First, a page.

Chambers 20th Century Dictionary

  1. Reason

    rē′zn, n. an idea which supports or justifies an act or belief: a motive: proof: excuse: cause: an explanation: the faculty of the mind by which man draws conclusions, and determines right and truth: the exercise of reason: just view of things: right conduct: propriety: justice: that which is conformable to reason: (logic) a premise placed after its conclusion.—v.i. to exercise the faculty of reason: to deduce inferences from premises: to argue: to debate: (B.) to converse.—v.t. to examine or discuss: to debate: to persuade by reasoning.—adj. Rea′sonable, endowed with reason: rational: acting according to reason: agreeable to reason: just: not excessive: moderate.—n. Rea′sonableness.—adv. Rea′sonably.—ns. Rea′soner; Rea′soning, act of reasoning: that which is offered in argument: course of argument.—adj. Rea′sonless.—n. Rea′son-piece, a wall plate.—By reason of, on account of: in consequence of; Principle of sufficient reason, the proposition that nothing happens without a sufficient reason why it should be as it is and not otherwise; Pure reason, reason absolutely independent of experience. [Fr. raison—L. ratio, rationisrēri, ratus, to think.]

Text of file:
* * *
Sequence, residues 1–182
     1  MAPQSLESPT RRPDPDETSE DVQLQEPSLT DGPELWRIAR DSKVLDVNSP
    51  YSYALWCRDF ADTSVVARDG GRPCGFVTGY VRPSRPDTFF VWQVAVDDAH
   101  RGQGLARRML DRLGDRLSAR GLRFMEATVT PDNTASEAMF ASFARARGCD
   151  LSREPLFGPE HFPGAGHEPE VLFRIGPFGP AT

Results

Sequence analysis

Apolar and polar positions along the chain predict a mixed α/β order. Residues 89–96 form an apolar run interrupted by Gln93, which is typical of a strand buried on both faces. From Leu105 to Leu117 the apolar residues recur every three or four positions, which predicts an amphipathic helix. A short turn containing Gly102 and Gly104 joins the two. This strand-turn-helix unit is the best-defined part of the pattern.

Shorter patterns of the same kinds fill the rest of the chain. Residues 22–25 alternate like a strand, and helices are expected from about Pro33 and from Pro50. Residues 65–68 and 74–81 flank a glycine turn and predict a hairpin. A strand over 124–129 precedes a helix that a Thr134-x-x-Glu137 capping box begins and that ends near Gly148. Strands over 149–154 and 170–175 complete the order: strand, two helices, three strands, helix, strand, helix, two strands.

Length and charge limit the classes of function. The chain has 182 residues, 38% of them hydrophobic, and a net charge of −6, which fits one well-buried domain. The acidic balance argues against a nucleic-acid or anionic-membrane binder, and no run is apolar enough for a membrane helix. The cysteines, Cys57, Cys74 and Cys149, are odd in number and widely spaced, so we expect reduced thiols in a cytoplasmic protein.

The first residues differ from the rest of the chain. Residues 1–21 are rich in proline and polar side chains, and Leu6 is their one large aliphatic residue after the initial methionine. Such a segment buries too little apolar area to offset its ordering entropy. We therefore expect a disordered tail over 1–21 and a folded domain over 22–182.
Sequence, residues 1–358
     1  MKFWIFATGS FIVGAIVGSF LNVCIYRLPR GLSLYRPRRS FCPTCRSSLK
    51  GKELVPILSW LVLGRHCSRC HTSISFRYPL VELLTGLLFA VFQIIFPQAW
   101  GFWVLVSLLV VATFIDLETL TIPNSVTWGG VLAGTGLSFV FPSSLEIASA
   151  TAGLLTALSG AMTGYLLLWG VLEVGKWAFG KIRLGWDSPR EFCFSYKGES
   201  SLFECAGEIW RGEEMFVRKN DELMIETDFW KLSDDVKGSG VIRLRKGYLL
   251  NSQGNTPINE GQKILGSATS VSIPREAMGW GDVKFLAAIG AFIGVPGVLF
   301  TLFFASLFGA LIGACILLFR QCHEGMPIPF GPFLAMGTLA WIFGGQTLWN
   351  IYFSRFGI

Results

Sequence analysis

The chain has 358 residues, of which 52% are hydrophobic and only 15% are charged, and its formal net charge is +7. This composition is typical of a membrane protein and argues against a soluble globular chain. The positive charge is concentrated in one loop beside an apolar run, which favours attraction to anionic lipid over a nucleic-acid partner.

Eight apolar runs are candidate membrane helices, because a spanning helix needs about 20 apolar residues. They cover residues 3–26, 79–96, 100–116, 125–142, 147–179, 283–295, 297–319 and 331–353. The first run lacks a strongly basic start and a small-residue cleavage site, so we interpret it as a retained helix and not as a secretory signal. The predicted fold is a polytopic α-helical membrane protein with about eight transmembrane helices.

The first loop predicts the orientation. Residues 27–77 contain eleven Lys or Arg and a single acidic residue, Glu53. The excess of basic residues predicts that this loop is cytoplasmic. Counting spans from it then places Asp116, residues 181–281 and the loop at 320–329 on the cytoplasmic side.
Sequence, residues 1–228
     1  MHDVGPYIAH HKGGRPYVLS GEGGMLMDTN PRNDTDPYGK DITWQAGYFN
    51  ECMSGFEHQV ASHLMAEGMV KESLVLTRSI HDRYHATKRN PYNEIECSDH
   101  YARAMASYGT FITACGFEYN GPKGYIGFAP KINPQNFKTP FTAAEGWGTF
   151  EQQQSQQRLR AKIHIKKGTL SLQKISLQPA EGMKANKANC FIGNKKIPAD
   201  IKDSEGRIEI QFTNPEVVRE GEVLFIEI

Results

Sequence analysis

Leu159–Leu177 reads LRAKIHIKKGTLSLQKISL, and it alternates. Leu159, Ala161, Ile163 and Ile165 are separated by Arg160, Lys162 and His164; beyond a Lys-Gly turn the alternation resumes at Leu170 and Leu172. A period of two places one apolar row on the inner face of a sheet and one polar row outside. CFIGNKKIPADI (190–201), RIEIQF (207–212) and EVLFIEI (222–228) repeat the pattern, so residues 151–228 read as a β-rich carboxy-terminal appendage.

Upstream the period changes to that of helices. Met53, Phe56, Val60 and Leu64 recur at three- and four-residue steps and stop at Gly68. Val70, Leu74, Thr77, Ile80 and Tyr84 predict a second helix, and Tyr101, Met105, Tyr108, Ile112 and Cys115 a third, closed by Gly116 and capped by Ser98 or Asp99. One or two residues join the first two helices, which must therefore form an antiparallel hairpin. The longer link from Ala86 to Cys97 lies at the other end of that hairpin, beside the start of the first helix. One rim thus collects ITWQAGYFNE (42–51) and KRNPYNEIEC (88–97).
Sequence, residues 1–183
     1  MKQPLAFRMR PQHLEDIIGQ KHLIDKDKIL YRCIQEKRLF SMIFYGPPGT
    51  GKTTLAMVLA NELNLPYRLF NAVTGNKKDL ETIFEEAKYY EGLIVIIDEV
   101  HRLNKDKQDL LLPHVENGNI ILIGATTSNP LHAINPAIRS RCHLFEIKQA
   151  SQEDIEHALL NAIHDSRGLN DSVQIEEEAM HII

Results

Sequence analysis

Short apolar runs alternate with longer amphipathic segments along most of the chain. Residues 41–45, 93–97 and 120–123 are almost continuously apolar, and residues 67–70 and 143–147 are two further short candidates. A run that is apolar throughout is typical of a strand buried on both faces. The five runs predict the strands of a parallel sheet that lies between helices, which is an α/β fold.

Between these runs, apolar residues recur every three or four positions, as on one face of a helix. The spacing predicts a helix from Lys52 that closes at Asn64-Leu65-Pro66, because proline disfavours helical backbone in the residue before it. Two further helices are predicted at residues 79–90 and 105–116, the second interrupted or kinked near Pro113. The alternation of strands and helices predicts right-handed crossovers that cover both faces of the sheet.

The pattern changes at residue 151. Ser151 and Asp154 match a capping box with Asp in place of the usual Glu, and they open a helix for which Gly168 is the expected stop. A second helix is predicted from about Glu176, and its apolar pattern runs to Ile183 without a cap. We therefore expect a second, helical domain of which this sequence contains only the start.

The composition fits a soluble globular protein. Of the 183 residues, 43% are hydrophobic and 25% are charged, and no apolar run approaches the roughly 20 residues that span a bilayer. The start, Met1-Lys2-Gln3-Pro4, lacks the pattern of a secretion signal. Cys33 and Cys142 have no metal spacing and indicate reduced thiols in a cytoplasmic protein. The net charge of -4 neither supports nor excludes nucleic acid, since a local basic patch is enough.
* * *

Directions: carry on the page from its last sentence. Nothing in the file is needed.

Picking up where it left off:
The Nuttall Encyclopedia

  1. Reason

    in philosophy is more than mere understanding or reasoning power; it is the constitutive and regulative soul of the universe assumed to live and breathe in the inner life or soul of man, as that develops itself in the creations of human genius working in accord with and revealing the deep purpose of the Maker.

  2. Reason

    in German Vernunft, defined by Dr. Stirling "the faculty that unites and brings together, as against the understanding," in German Verstand, "the faculty that separates, and only in separation knows," and that is synthetic of the whole, whereof the latter is merely analytic of the parts, sundered from the whole, and without idea of the whole, the former being the faculty which construes the diversity of the universe into a unity or the one, whereas the latter dissolves the unity into diversity or the many.

The Roycroft Dictionary

  1. reason

    The arithmetic of the emotions.

Editors Contribution

  1. reason

    A truthful explanation.

    The reason for the change is simple as we all know what we agreed.

    Submitted by MaryC on April 6, 2020  

  2. reason

    The human quality of sane, intelligent, logical thought, feeling, knowing, understanding, expression, mind, soul, subconscious, conscience, consciousness and spirit.

    He has just reason and is so intelligent and informed.

    Submitted by MaryC on February 12, 2020  

Suggested Resources